How Does Chinese Medicine Work? A Journey Through the Phases of Healing (Part II)
Last month, we shared with you the differences between Western and Chinese medicine and the causes of disease. If you missed Part 1 of this discussion in last month's newsletter, you can read it here. This month we continue that discussion with the treatment process.
When we take on a new patient we have a high degree of confidence that we can treat that patient to “resolution.” In order to understand what we mean by this, let's go back to last month's article to review a little bit about how we approach our work in the clinic and how Chinese Medicine views the body.
All systems operating in a cyclical pattern, including the human body.
One observation we have made over the years is how hopeless people often feel when they come into the clinic. They may feel broken and beyond repair. For some reason we have convinced ourselves, or rather allowed ourselves be convinced, that we, as humans are somehow different from all other natural organisms or systems in the world. As amazing, beautiful, wonderful and exceptional we are as humans, one of the central principles of Chinese Medicine is that we still operate under the same laws as any other system or organism. All systems have a built-in or innate healing mechanism.
As we mentioned last month, our system is designed to self-maintain a level of health and vitality throughout our entire life. Ecologists call a system’s ability to self-regulate “homeostasis”. Another term we borrow from ecology that mirrors the Chinese Medicine paradigm is that of the tipping point. A tipping point is the threshold that, when crossed, an ecosystem is unable to maintain its own integrity or homeostasis. Most of the patients that come into the clinic have a system that has fallen below the "tipping point" which means that their body is unable maintain it's equilibrium without "help."
Western Medicine attempts to "help" by using a surgical or pharmaceutical method, while Chinese medicine seeks to strengthen the body's ability to handle the problem unassisted.
Western medicine will often see the cause of a disease as a specific item, while Chinese Medicine will not see a specific cause or thing that failed, but will rather look at a large area of the body’s physiology that is not working optimally, or see one system that is not supporting another. As many people have observed as they have been referred form one specialist to another, to another, to another, addressing one symptom at the time. It appears that looking so granularly at a problem can lead to missing the issue (not seeing for forest through the trees). In contrast, Chinese medicine starts small and works big through an associative process by looking at all the individual pieces and finding the relationships between them. Symptoms are addressed in the context of the high-level imbalance and as the high level imbalances are corrected, symptoms resolve and cease to be an issue.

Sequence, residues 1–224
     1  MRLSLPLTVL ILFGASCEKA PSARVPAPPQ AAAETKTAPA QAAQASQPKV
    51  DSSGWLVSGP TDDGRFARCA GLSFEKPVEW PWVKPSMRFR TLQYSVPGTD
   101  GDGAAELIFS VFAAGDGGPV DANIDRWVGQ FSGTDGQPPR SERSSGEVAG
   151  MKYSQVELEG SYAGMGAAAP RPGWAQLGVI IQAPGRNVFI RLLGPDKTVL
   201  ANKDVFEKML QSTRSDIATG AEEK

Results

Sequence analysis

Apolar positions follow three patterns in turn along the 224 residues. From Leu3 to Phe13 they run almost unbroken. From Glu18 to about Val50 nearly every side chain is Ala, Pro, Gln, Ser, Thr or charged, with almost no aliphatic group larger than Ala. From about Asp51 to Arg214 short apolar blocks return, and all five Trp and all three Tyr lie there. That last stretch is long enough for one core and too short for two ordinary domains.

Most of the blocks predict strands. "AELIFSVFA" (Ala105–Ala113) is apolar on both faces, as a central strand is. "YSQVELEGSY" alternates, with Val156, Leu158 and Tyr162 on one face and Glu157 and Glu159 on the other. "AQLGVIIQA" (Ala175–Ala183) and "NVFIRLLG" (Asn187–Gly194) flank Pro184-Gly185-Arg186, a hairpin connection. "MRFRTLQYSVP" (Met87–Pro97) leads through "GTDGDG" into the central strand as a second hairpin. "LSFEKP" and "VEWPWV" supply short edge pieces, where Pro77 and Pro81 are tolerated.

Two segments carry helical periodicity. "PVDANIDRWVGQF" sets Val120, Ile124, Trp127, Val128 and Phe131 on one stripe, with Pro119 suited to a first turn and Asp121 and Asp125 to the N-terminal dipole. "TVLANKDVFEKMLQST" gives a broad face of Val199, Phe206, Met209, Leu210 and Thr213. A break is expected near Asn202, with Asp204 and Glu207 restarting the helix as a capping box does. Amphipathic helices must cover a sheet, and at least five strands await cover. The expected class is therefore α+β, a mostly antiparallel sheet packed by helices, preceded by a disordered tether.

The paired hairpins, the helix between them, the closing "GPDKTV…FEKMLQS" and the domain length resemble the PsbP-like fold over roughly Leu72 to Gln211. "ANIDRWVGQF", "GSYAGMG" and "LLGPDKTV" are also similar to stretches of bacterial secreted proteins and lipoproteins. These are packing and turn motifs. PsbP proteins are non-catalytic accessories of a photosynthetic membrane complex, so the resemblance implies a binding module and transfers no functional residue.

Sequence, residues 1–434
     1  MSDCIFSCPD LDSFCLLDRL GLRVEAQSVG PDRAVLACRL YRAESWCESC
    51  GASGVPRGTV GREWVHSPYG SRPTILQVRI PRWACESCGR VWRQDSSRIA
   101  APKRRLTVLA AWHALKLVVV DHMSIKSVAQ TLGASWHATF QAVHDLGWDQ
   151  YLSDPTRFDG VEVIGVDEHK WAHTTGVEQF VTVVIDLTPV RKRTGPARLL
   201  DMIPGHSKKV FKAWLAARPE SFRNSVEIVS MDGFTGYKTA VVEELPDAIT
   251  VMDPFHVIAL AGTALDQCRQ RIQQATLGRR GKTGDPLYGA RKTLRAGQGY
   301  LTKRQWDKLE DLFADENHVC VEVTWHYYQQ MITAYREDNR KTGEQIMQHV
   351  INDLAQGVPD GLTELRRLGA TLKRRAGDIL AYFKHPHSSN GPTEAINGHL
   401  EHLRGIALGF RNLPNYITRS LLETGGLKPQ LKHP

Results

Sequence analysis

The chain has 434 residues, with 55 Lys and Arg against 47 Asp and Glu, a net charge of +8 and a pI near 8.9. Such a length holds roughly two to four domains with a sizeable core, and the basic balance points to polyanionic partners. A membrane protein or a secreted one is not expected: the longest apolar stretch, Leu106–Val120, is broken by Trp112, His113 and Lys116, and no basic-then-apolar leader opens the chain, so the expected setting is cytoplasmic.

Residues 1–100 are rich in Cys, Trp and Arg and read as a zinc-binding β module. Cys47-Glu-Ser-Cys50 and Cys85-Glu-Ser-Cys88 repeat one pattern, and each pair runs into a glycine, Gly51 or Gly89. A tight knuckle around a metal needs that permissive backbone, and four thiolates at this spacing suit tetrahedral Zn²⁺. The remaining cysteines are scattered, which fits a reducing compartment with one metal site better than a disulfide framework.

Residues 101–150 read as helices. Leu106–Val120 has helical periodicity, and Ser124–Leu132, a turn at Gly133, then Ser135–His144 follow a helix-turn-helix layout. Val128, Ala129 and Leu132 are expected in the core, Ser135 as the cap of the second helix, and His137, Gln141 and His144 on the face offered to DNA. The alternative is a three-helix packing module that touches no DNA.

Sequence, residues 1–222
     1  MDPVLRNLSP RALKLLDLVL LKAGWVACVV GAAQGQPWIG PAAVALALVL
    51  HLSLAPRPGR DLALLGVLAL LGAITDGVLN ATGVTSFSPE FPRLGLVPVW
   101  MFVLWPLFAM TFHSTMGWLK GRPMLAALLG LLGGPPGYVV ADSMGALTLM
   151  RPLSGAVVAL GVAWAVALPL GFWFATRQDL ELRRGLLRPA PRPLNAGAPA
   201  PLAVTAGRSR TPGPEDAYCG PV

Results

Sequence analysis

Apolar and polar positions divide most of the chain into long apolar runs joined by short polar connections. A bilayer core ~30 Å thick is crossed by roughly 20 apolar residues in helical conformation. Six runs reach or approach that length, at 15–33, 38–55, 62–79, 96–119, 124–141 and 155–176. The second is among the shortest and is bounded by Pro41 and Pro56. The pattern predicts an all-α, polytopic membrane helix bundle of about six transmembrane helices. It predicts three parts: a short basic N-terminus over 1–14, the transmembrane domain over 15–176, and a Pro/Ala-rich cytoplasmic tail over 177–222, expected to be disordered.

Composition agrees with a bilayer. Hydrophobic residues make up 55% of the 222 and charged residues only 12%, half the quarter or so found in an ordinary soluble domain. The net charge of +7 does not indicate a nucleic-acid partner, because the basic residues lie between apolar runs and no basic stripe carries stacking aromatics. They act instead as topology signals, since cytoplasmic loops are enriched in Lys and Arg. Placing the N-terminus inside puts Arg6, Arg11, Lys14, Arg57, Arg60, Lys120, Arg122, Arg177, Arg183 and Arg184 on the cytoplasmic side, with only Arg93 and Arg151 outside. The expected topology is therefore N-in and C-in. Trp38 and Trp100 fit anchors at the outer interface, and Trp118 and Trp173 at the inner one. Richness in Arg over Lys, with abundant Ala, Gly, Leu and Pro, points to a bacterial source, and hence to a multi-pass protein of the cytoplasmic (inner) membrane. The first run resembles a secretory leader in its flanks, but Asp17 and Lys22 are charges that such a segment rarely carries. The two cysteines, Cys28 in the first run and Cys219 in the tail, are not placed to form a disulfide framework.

Root and Branch
This process of treating both globally and specifically is sometimes referred to treating both the root and the branch. There is an old axiom that states “nourish one root many branches are nourished.” In the treatment process, as the patient’s primary symptoms resolve, the practitioner is also looking for other related branches to resolve and improve as a result of treatment, regardless whether or not the patient indicated that as an area of concern. As we examine the symptoms, the patient's pulses and other diagnostic information like the tongue or the abdomen, we are identifying these branches as well as the underlying or “root” cause. This allows us to treat the source of the imbalance as well as the primary symptoms. The better the assessment and treatment of the root, the more effective the branch treatment will be. Our method of determining how to treat is rarely, if ever, based on a Western Medicine diagnostic, whether it be a lab report, imaging or a Western Medicine diagnosis of this disease or that syndrome.
With each treatment there is a portion of each treatment that is devoted to treating both the root and the branch of the imbalance.
The root treatment is tied to identifying the cause or source of the deregulation of the system that caused the patient to seek help and is tied to the Chinese Medicine Diagnosis, not a Western Medicine disease designation. For instance, in Chinese medicine there are three different ways that a system may be imbalanced that would lead to a diagnosis by a Western Medical Doctor of Diabetes. Strictly speaking Chinese Medicine does not treat diabetes, but the causes and conditions that lead to it.
Phases of Treatment